I was accused of using a "sloppy parallel" in my last post. I believe I used a silly or ridiculous parallel, but I don't believe it was sloppy. To explain what I mean, I have to explain how parallels work in moral discussions. Towards that goal, this became far less of a response to the concerns of the last post, and far more a discussion of why I discuss ethics in the peculiar ways I do, using the last post as a backdrop. In fair warning, it is quite long, so reader beware. Update: Relevant links have been added since the original posting.
Part I: The Art of the Silly Analogy
Morality is an interesting subject for discussion. Answers in ethics are hard to verify, we cannot simply "check the math." Even so, we still have incredibly strong intuitions that the problems of ethics are generalizable.
By "generalizable," we mean that solutions to one ethical problem help us solve others. When I decide whether or not to kick someone out of my lifeboat to keep it from capsizing, that seems to be a similar sort of problem faced by spelunkers trapped in a cave wondering whether or not they should kill and eat one of their own until a rescue tunnel can be completed. When we know whether or not it is morally permissible to lie to Nazis at your doorstep asking for the man you are hiding in your basement, we know something about whether or not it is acceptable to lie to an abusive husband who knocks on your door and is seeking his wife who you know has fled to a halfway house down the street.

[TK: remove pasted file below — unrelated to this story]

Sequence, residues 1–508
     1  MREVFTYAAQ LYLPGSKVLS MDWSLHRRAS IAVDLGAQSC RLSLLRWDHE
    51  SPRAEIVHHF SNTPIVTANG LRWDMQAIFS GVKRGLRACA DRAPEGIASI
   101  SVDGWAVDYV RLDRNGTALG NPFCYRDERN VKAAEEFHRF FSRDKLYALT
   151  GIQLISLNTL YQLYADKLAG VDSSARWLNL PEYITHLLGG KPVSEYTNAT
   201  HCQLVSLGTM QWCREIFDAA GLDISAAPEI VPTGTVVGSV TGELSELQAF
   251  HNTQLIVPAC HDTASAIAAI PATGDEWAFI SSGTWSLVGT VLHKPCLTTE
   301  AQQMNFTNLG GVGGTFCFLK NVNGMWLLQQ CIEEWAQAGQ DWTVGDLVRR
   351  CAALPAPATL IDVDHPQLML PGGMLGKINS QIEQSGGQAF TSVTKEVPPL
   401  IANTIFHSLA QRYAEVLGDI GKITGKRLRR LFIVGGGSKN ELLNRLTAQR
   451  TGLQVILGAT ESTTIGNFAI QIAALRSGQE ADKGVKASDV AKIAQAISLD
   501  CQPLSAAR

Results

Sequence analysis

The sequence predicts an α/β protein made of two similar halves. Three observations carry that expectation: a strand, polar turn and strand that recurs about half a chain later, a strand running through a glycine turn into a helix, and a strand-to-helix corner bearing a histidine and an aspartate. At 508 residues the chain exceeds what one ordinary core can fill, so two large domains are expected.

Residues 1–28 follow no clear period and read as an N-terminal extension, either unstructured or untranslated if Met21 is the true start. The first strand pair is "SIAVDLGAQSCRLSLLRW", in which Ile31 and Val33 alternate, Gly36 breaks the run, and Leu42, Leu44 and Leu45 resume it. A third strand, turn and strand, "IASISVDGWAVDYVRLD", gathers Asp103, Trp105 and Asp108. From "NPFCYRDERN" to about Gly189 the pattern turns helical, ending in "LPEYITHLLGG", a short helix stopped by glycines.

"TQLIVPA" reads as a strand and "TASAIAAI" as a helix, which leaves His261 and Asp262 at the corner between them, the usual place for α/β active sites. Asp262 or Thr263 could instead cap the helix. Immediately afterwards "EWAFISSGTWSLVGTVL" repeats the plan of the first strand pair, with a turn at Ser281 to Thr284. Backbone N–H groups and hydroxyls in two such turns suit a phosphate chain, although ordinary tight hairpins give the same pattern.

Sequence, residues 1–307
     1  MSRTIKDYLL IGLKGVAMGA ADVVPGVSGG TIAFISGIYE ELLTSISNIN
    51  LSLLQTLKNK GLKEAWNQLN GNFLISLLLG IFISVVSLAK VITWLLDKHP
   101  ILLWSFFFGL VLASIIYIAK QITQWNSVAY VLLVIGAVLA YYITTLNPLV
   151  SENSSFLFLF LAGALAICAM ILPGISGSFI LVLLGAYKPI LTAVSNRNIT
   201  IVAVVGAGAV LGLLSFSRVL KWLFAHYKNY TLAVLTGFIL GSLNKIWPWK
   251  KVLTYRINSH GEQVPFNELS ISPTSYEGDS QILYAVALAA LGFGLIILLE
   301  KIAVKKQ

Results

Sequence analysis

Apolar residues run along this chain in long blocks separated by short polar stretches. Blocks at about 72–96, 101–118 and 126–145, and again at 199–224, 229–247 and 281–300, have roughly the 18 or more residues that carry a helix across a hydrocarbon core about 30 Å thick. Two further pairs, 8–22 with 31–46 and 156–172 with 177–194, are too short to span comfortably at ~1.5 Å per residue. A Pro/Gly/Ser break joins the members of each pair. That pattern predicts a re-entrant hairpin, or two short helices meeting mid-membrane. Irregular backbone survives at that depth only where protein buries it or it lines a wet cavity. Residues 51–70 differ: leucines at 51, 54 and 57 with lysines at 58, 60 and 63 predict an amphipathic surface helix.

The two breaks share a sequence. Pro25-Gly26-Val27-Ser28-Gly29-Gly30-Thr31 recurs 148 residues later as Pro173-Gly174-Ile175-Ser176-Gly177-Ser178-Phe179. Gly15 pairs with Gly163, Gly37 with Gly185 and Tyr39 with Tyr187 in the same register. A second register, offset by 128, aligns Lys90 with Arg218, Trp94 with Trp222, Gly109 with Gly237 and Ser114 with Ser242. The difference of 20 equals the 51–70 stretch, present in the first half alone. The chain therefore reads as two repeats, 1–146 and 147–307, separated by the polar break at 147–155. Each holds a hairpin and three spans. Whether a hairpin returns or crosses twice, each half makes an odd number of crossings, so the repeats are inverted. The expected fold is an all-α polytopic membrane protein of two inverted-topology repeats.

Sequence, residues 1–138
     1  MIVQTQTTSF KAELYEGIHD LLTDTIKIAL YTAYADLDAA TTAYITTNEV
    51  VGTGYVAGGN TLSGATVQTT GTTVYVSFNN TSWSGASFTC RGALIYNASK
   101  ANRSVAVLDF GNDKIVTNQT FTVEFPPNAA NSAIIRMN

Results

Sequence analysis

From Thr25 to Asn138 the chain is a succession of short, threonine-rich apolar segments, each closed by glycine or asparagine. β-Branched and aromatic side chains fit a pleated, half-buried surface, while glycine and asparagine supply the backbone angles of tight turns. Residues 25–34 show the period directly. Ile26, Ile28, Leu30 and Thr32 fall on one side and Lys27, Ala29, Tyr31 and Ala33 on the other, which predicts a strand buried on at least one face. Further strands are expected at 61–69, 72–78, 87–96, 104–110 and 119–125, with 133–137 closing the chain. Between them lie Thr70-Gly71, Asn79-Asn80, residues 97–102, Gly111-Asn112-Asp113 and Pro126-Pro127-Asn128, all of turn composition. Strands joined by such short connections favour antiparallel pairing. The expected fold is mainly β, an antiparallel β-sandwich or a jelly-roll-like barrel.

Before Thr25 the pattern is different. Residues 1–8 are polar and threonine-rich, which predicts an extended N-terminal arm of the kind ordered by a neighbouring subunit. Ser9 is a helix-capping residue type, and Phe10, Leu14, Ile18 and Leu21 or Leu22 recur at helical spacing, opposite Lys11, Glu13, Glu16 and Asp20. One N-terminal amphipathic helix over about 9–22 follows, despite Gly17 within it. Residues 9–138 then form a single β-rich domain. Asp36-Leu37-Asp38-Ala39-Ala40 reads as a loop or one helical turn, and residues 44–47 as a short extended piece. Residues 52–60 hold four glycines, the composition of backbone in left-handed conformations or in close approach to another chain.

Because of this property of moral theory, because its problems lend to general solutions, the moral analogy is a profoundly useful tool in moral discussions.
The danger of moral analogies is that such analogies sometimes obscure relevant moral details.
If I say to you that killing your neighbor is wrong, and then try to generalize to say that killing a prisoner is wrong, a pro-death penalty advocate would rightly interject that his neighbor is an innocent, while a criminal is not. (I believe there are other grounds upon which to attack capital punishment, but the analysis in this analogy is, at best, incomplete.)
The quirky/fanciful/silly/absurd moral analogy is a special subset of moral analogies which also attempts to entertain. Partly these analogies are fun to read because they are incredibly ludicrous, but still somehow capture all the relevant moral details under discussion. Such moral analogies are the bread and butter of ethicist Judith Jarvis Thompson, and I have attempted to duplicate her style here, because I think it's a funny way to discuss ethics, and still gets the job done.